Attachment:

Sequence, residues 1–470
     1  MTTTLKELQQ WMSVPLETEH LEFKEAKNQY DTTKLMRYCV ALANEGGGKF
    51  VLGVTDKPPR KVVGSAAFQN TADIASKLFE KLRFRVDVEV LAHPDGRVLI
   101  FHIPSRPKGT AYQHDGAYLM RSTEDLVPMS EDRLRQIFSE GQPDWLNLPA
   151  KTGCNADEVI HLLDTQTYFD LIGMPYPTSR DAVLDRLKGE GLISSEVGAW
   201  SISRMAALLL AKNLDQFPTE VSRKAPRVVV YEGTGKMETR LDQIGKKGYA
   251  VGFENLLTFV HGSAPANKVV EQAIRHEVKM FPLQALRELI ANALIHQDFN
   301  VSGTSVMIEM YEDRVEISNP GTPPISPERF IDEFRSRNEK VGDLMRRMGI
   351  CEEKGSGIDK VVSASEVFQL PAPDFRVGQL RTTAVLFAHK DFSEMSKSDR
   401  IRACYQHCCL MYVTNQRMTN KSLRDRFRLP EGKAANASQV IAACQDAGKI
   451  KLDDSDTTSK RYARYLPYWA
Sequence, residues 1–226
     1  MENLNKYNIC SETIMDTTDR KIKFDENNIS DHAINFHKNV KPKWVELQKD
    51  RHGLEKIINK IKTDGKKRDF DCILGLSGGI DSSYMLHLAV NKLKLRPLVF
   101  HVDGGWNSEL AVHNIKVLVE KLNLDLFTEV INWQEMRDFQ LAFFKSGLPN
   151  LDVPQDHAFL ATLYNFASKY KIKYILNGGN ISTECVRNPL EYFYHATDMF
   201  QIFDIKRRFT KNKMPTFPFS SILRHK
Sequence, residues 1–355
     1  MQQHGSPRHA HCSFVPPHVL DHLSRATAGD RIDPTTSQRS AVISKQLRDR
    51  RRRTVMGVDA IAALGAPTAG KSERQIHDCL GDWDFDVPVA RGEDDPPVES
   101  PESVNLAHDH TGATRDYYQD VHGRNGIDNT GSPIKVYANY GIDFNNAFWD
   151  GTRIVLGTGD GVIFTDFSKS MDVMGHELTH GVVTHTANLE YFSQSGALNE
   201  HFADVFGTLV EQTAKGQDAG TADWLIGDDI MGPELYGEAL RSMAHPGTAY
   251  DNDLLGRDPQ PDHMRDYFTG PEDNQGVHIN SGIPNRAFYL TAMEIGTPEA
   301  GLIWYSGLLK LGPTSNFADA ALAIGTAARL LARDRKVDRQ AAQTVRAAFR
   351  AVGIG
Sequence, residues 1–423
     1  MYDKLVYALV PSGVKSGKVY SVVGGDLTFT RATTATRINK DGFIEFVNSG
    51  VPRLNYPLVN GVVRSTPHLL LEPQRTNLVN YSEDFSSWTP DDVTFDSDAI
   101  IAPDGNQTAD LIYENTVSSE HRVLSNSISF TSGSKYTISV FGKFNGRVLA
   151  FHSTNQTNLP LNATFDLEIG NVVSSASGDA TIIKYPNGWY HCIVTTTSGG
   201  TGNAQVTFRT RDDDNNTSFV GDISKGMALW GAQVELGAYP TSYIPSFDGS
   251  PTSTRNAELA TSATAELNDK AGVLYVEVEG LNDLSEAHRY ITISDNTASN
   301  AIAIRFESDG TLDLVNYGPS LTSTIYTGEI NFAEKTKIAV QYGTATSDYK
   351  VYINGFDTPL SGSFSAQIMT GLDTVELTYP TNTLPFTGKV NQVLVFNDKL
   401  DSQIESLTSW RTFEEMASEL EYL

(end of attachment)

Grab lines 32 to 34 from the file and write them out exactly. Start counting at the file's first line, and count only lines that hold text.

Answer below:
   201  TGNAQVTFRT RDDDNNTSFV GDISKGMALW GAQVELGAYP TSYIPSFDGS
   251  PTSTRNAELA TSATAELNDK AGVLYVEVEG LNDLSEAHRY ITISDNTASN
   301  AIAIRFESDG TLDLVNYGPS LTSTIYTGEI NFAEKTKIAV QYGTATSDYK